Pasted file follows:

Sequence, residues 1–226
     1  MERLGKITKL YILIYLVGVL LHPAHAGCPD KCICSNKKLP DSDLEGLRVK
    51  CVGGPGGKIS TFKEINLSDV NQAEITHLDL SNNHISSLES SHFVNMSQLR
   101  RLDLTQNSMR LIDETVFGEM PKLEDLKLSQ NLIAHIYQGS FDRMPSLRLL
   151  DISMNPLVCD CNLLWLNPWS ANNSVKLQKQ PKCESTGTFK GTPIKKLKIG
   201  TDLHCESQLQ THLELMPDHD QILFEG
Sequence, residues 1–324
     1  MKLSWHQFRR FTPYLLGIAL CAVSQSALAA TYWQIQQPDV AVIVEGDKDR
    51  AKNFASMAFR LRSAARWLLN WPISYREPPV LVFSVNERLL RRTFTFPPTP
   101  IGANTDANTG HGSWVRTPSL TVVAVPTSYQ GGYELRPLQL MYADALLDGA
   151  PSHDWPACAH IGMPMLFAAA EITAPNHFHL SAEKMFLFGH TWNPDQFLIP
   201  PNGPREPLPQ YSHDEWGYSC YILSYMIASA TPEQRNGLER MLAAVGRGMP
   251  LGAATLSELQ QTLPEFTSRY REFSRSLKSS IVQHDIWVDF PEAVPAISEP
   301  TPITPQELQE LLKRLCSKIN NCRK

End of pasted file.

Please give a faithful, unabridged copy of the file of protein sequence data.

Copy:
Sequence, residues 1–226
     1  MERLGKITKL YILIYLVGVL LHPAHAGCPD KCICSNKKLP DSDLEGLRVK
    51  CVGGPGGKIS TFKEINLSDV NQAEITHLDL SNNHISSLES SHFVNMSQLR
   101  RLDLTQNSMR LIDETVFGEM PKLEDLKLSQ NLIAHIYQGS FDRMPSLRLL
   151  DISMNPLVCD CNLLWLNPWS ANNSVKLQKQ PKCESTGTFK GTPIKKLKIG
   201  TDLHCESQLQ THLELMPDHD QILFEG
Sequence, residues 1–324
     1  MKLSWHQFRR FTPYLLGIAL CAVSQSALAA TYWQIQQPDV AVIVEGDKDR
    51  AKNFASMAFR LRSAARWLLN WPISYREPPV LVFSVNERLL RRTFTFPPTP
   101  IGANTDANTG HGSWVRTPSL TVVAVPTSYQ GGYELRPLQL MYADALLDGA
   151  PSHDWPACAH IGMPMLFAAA EITAPNHFHL SAEKMFLFGH TWNPDQFLIP
   201  PNGPREPLPQ YSHDEWGYSC YILSYMIASA TPEQRNGLER MLAAVGRGMP
   251  LGAATLSELQ QTLPEFTSRY REFSRSLKSS IVQHDIWVDF PEAVPAISEP
   301  TPITPQELQE LLKRLCSKIN NCRK